Introduction

Virtually all patients with Behcet's disease (BD) suffer from recurrent aphthous stomatitis (RAS)1-3. RAS can be classified as simple versus complex aphthosis14-7. RAS has many synonyms; canker sores, aphthosis, aphthous ulcers, or recurrent oral ulcers. The word "aphthae" means ulcers. The author prefers the term recurrent aphthous stomatitis167. The lesions of RAS are discrete, round to oval erosions or shallow ulcers of the non-masticatory oral mucosa. They typically have a perilesional erythematous halo and are covered by a grayish fibromembranous slough. Sites of predilection include the buccal and labial mucosae, the lateral and ventral tongue, the floor of the mouth, and the soft palate and fauces. Lesions of the masticatory mucosa of the hard palate and maxillary and mandibular attached gingivae and dorsal tongue are unusual.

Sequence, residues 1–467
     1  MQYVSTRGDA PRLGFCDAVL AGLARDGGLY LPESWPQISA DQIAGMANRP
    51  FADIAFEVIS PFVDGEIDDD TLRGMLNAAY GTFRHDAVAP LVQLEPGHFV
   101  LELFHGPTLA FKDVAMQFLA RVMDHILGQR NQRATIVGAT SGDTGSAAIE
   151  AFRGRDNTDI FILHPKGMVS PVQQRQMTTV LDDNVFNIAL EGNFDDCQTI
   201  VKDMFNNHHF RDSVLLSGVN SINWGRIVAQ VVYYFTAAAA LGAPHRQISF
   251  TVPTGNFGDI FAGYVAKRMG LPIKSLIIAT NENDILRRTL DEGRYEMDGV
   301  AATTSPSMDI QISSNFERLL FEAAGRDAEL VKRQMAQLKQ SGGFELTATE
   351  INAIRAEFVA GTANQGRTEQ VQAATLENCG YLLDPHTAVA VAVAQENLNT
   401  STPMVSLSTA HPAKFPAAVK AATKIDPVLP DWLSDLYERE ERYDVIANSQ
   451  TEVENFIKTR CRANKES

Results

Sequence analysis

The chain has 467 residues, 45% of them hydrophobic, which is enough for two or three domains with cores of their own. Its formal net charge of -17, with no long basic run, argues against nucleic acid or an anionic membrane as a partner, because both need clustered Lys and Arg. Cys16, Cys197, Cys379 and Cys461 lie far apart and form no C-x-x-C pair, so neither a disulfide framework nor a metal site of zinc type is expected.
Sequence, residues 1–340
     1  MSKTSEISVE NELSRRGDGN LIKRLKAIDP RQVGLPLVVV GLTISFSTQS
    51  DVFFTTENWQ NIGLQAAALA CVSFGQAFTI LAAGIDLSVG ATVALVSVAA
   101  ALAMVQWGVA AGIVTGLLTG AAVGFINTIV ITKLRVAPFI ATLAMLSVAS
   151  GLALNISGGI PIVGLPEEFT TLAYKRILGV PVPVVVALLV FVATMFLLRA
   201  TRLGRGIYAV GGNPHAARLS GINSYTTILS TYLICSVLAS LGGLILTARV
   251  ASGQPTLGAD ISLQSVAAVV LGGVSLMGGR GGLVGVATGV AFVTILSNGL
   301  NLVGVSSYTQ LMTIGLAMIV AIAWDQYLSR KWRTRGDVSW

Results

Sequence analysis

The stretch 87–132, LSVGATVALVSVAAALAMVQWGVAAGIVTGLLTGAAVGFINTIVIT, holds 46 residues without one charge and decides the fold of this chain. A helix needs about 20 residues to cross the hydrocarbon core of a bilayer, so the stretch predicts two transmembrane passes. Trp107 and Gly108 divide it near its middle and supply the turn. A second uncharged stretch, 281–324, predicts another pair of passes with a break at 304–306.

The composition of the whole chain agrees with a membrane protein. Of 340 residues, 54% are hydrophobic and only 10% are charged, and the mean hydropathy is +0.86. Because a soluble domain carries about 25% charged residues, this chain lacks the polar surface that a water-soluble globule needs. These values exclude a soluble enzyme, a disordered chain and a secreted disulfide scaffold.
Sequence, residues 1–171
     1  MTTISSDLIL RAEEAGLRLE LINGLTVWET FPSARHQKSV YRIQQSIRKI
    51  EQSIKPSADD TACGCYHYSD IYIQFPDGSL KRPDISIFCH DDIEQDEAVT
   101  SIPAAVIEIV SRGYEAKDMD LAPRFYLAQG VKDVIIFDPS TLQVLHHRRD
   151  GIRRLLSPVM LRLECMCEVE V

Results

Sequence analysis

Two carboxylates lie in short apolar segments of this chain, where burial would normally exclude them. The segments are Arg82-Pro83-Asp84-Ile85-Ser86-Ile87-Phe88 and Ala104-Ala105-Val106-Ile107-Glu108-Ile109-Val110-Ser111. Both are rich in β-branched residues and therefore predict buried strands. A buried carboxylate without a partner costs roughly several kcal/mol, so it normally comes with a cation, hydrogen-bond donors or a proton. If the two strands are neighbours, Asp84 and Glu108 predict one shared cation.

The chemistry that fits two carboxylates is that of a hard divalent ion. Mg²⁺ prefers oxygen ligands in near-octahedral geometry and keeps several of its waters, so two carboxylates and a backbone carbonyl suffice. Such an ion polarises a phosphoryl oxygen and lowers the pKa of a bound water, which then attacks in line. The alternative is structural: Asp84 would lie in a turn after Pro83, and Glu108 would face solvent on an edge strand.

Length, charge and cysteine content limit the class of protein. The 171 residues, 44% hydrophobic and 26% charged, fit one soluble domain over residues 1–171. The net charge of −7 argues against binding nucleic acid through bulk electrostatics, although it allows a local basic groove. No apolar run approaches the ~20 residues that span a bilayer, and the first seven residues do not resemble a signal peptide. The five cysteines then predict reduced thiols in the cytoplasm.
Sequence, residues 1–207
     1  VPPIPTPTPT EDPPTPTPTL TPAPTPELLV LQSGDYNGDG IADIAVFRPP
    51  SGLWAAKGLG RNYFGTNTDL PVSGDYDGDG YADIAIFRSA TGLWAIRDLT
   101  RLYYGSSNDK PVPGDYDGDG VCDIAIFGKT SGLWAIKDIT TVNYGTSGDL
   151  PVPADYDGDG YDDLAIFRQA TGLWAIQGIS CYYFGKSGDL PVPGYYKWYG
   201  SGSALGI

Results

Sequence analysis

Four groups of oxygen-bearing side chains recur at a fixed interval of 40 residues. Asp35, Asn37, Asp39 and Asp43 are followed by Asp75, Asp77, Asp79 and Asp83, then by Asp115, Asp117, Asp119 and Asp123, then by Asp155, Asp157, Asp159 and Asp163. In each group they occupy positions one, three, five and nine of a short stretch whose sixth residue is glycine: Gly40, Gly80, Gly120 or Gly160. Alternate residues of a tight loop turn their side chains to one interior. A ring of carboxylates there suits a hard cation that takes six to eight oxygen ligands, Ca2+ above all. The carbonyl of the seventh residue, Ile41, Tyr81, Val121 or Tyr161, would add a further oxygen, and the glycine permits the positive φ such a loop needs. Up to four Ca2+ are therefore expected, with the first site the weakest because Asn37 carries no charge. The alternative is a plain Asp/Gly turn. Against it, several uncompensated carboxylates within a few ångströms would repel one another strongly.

Patients usually develop RAS during childhood or adolescence. Recurrences are less frequent and milder with increasing age. The prevalence of RAS varies with the population studied. Some populations such as medical and dental students have a prevalence rate of 50%. It is estimated that 20% of the general population will have RAS during their childhood or early adult life.

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